Cumine de Villiers from the Volkskool Secondary School in Potchefstroom obtained seven distinctions. She is an MBChB I student and resides in Roosmaryn Residence on the Main Campus. People are her passion, which makes a career as a doctor ideal for her. “I can help people physically, as well as emotionally. And save lives!” Her advice to learners is to work hard from Grade 11 already. According to her a balanced life is also very important: “The more you do, the better you can do.” One of her goals is to learn Sesotho while she is studying.

Marike Botha attended Potchefstroom Gymnasium. She obtained seven distinctions. She is also studying MBChB I and plans to become a paediatric surgeon. “I know one is going to lose patients, but one will also save lives.”

She resides in Roosmaryn Residence and plans to enjoy her student life to the full: “I am going to attend everything! Every dance, rugby match and serenade – there are some things in life that one can only experience once, and one’s first year is one of those.” According to her, the Grade 12 work is not that difficult; it is only a lot. She advises matriculants to always to their best and never to leave anything till later.

Sibusiso Tshabalala from HTS Welkom obtained three distinctions. He is studying BCom Law. He chose that degree because it perfectly integrates law and commerce. “In that way I am keeping my career options open”. He chose Kovsies for the opportunity to be part of one of the best Faculties of Law in South Africa. He resides in JBM Hertzog Residence. His advice to matriculants is to fully make use of every opportunity. “There will be setbacks – it is not supposed to be easy. All of that makes you a stronger person. Strive after your own goals – don’t measure them against others’ goals.”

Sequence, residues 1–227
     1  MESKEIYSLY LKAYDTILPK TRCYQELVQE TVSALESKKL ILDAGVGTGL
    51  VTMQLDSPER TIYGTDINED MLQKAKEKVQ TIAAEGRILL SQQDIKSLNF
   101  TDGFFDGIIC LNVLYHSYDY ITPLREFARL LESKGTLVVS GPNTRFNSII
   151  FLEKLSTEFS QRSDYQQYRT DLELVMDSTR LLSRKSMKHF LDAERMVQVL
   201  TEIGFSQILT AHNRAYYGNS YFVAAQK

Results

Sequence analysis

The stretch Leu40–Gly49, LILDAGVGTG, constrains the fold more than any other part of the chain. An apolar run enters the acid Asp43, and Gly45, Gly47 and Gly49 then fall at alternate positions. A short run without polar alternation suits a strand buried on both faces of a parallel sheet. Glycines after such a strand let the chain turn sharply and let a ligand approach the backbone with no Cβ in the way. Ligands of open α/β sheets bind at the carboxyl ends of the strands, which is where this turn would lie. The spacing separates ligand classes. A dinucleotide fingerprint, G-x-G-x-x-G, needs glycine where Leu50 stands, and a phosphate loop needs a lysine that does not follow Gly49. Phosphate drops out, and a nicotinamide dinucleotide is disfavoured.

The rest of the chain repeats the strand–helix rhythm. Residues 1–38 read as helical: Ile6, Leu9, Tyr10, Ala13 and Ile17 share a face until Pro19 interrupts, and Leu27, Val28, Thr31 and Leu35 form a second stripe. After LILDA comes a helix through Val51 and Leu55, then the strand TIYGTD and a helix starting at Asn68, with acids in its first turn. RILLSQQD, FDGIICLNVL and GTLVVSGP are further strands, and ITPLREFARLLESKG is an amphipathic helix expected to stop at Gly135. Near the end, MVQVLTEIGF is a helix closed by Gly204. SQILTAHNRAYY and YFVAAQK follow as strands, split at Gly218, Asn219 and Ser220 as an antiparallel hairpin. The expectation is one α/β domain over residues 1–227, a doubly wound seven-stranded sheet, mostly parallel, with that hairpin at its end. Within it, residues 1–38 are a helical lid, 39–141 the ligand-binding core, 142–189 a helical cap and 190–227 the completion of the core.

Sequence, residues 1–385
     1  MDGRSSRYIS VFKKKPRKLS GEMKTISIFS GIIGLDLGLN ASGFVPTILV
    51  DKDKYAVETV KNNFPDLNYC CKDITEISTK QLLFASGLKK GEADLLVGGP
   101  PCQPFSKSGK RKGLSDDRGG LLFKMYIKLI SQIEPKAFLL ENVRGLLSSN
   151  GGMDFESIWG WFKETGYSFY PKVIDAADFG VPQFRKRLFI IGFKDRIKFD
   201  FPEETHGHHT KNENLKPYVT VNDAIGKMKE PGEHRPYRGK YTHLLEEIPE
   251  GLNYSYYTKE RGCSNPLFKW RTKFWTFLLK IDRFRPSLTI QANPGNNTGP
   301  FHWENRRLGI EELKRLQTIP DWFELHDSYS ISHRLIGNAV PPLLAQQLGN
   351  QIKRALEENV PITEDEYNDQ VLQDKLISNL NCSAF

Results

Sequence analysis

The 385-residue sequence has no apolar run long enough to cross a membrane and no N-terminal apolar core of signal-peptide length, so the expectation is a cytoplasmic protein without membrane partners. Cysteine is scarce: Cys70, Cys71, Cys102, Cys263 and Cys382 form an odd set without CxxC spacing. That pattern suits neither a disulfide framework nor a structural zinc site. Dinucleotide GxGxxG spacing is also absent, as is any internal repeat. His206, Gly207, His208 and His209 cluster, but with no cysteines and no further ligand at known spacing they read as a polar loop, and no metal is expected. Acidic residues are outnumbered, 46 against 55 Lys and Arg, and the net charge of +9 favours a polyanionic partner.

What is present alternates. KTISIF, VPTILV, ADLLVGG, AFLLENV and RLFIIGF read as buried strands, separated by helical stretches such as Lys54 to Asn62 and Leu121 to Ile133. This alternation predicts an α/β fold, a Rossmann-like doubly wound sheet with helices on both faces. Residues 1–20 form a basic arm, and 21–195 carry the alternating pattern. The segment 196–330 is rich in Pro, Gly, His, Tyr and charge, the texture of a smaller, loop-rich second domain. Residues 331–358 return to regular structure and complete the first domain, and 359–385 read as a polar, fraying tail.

Portia Lehasa from Eunice High School obtained five distinctions. She is studying BA Accounting and resides in Roosmaryn Residence. She chose Kovsies in order to be part of the transformation.

“Transformation leads to growth – and growth is essential for all persons.” She chose accounting because she enjoys challenges. “It is also a skill that will enable me to empower the economic status of South Africa.”

She also wants to become involved in everything on campus and make a difference. “You are going to see me a lot – I am going to change the world!” She also has some advice for matriculants: “It is very important to have a goal. In that way one still has something to strive for. It helps incredibly.”

Meyer Joubert attended the Ferdinand Postma Secondary School in Potchefstroom. He obtained seven distinctions. He is an MBChB I student and resides in Abraham Fischer Residence. “One’s life only becomes meaningful once one does something for someone else; that is why I want to become a doctor. By means of medicine one can make a difference to someone else’s life.” He plans to become the best doctor possible. According to him learners can take it leisurely up to Grade 10. “The requirements for many fields of study, like medicine, already apply from Grade 10. Therefore it is important to start to focus and work hard from then onwards. However, don’t only study! Balance is very important; therefore participate in sports, cultural activities and, of course, socialise.”

Prof. Jansen was, rightly so, impressed by all the talent that have settled at Kovsies this year: “This is only the beginning. With so much potential Kovsies can blossom!”

Media Release:
Mangaliso Radebe
Assistant Director: Media Liaison
Tel: 051 401 2828
Cell: 078 460 3320
E-mail: radebemt@ufs.ac.za  
4 February 2010